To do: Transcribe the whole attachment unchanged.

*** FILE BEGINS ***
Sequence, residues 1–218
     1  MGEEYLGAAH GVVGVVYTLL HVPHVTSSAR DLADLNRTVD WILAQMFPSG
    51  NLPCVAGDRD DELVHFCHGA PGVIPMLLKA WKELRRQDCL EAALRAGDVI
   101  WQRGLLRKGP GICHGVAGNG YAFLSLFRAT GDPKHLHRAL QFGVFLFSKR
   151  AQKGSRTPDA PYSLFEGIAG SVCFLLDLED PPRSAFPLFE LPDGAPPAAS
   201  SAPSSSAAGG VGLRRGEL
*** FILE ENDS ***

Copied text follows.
Sequence, residues 1–218
     1  MGEEYLGAAH GVVGVVYTLL HVPHVTSSAR DLADLNRTVD WILAQMFPSG
    51  NLPCVAGDRD DELVHFCHGA PGVIPMLLKA WKELRRQDCL EAALRAGDVI
   101  WQRGLLRKGP GICHGVAGNG YAFLSLFRAT GDPKHLHRAL QFGVFLFSKR
   151  AQKGSRTPDA PYSLFEGIAG SVCFLLDLED PPRSAFPLFE LPDGAPPAAS
   201  SAPSSSAAGG VGLRRGEL